Breaking Through the Blue-Collar Gender Barrier in the Lao People’s Democratic Republic
Project Result / Case Study | 25 November 2019
- Breaking Through the Blue-Collar Gender Barrier in the Lao PDR
- Occupations once off-limits for women are attracting a growing cohort of female students looking for jobs with better income.
- The Strengthening Technical and Vocational Education and Training Project took on some of the obstacles to creating a place for women in the so-called blue-collar occupations.
Sompong Vitsetsin stands out a little at the Champasak Technical-Vocational College, but it is not because she doesn’t know exactly what she’s doing.
“People may see it as an occupation for men,” says the 25-year-old electronics instructor, whose students are almost entirely male, “but women can do it just as well.
Sompong teaches the maintenance of electric motors at the school near Pakse City in the south of the Lao People’s Democratic Republic (Lao PDR) and treats her “odd one out” status as a challenge to be relished and a barrier to break through.
“People may see it as an occupation for men, but women can do it just as well.”
Such confidence is a sign of the changing times in the Lao PDR. Occupations once off-limits for women are attracting a growing cohort of female students looking for jobs with better income and the chance that many technical trades offer to set up their own businesses.
Nonetheless, although women accounted for nearly 43% of total enrollment at the country’s public technical and vocational education and training (TVET) colleges during the 2016/17 school year, the numbers remained heavily skewed toward courses in traditionally female-dominated skill areas such as tailoring, basic business administration, and hospitality service.
Two ADF-supported projects to strengthen TVET in the Lao PDR have been working to change this by encouraging young women to consider courses largely now the domain of young men.
Approved in 2010 and completed in 2017, the Strengthening Technical and Vocational Education and Training Project took on some of the obstacles to creating a place for women in the so-called blue-collar occupations. It set a minimum 20% quota for female participation in courses designed to develop the skills then most in demand by the economy. A quarter of the vouchers allocated under an assistance program for poorer students were reserved for women, as were half of the spaces in dormitories built to encourage the poor from remote and rural areas to attend TVET schools.
“There was only one girl in my class when I started as a female teacher in 2010. Only 6 years later, there were 16.”
The Second Strengthening Technical and Vocational Education and Training Project, approved in 2017 with a $25 million ADF 12 grant, is building on the first through stipend assistance for disadvantaged students, school infrastructure upgrades, and teacher training.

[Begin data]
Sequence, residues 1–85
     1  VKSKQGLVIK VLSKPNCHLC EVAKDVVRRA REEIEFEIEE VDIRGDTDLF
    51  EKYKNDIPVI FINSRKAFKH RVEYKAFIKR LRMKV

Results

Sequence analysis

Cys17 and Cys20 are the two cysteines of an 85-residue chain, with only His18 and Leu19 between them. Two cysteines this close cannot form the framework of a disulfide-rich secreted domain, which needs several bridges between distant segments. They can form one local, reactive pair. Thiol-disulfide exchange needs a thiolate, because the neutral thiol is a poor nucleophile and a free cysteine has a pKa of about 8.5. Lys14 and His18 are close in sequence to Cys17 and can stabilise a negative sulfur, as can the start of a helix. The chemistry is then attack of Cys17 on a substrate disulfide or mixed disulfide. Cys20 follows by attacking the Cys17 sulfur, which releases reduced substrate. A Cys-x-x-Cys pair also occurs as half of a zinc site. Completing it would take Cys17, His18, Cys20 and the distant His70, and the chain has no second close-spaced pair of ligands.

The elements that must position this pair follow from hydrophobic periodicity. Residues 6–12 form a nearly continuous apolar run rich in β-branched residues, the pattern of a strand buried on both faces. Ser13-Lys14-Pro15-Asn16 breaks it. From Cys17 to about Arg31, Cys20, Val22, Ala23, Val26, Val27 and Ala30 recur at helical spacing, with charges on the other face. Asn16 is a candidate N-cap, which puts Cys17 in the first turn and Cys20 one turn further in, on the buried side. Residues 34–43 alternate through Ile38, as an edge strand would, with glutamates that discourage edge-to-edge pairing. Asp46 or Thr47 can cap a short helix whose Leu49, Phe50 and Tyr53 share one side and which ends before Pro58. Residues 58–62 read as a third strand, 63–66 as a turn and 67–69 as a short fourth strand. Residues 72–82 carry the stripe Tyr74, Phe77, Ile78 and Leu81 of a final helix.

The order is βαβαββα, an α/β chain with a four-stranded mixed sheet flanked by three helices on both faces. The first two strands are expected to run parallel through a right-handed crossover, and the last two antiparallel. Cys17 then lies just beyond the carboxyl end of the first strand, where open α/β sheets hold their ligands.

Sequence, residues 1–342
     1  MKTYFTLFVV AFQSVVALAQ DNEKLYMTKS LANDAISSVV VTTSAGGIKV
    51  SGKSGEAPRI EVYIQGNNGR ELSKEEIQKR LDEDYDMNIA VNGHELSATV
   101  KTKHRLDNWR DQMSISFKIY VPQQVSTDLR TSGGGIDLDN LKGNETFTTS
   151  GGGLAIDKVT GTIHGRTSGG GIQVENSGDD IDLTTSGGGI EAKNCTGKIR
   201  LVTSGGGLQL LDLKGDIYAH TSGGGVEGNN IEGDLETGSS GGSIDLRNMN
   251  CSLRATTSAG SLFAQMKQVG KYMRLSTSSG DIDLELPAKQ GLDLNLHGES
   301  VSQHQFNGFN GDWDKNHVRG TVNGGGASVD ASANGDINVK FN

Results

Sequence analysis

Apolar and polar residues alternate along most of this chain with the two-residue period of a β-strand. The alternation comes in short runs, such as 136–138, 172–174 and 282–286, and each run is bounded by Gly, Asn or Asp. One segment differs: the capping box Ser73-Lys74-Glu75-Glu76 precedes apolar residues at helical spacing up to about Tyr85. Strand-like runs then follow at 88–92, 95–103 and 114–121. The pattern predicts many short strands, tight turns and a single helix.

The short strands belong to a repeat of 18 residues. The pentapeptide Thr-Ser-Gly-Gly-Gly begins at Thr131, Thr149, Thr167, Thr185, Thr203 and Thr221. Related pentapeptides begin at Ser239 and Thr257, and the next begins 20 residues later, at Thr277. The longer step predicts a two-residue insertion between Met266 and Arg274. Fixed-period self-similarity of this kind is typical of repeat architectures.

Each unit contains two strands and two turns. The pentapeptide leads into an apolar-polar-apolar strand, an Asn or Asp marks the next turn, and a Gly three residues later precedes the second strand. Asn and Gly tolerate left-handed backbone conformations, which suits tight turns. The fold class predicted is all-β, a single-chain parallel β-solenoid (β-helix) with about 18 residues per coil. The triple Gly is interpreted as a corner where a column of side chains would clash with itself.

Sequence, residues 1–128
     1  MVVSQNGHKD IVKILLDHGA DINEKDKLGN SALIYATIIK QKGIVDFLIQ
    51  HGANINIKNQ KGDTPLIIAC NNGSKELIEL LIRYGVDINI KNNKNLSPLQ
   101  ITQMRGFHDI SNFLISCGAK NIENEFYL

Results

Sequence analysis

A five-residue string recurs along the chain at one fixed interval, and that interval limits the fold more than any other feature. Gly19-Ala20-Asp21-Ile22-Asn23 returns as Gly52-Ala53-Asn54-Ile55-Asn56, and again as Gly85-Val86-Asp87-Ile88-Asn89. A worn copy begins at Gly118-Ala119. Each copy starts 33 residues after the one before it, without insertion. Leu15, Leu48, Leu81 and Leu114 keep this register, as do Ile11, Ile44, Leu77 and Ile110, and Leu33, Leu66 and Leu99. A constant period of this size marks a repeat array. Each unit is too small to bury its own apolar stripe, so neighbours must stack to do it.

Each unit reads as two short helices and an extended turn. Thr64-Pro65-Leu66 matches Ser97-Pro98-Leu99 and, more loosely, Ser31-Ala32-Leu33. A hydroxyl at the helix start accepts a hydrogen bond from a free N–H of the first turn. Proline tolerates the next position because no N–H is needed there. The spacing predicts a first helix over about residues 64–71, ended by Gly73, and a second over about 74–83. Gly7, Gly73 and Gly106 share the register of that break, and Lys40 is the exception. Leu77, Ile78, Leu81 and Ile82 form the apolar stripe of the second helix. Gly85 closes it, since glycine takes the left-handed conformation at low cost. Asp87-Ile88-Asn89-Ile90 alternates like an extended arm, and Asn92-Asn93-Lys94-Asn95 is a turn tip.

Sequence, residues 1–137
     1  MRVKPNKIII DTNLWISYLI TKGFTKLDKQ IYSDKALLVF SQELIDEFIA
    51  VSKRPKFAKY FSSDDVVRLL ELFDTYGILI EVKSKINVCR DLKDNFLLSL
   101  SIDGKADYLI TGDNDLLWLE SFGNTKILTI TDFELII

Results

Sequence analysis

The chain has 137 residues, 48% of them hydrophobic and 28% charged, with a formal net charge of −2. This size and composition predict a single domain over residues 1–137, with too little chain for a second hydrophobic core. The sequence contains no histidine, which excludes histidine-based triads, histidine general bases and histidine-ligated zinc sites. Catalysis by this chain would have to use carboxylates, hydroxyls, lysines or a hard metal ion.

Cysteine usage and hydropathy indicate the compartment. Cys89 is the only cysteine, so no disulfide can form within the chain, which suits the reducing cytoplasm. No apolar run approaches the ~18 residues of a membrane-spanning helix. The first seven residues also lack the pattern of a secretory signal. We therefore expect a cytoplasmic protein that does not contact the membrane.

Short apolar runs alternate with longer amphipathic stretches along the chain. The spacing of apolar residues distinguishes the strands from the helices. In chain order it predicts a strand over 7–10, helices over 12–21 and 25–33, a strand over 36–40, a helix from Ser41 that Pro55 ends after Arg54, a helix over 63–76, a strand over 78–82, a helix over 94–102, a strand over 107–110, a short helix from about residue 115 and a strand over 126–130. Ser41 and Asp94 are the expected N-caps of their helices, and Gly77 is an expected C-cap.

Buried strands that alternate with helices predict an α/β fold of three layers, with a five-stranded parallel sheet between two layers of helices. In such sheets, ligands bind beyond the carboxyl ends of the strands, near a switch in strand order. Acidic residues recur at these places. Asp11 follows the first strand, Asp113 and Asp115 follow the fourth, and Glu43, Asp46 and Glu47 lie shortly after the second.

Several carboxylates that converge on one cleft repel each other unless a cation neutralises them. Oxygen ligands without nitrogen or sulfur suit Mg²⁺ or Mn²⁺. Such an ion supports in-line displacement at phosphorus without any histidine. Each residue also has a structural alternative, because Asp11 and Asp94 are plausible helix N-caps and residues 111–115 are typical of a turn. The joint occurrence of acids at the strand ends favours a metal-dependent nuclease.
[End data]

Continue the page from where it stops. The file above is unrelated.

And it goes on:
Because young women in the countryside have been largely dissuaded by family and cultural pressures from considering vocational courses traditionally viewed as male-only, the project has included a vigorous homestay program by TVET colleges that sent about 150 teachers out to inform and engage young women in these areas.
Phonethip Thepboualy has taken part in the rural campaign. “There was only one girl in my class when I started as a female teacher in 2010,” says the plumbing and woodwork specialist who credits the outreach, the voucher system, and the strong job market for TVET graduates with the right skills for a steady rise in female enrollment. “Only 6 years later, there were 16.”“It is one of the most effective ways we have to reach these students,” says Bouakhay Souphaone, Champasak Technical-Vocational College’s director. “Our teachers interact with them right in the community and raise awareness about our college and the courses we provide.”
The project has strengthened the TVET curricula and the colleges’ links and communication with the private sector on current labor needs. About 90% of graduates with electronic, plumbing, and automotive sector training readily find work, according to project manager Phouvieng Phoumilay.
“I love this subject,” says Sirixay Vongvichith, a 20-year-old woman taking an auto mechanics course. “I plan to set up my own garage after graduation. With my training and the strong demand for tractor and other machine repair, I can see a good business opportunity.”
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This article was originally published in Together We Deliver, a publication highlighting successful ADB projects across Asia and the Pacific that demonstrated development impacts, best practice, and innovation.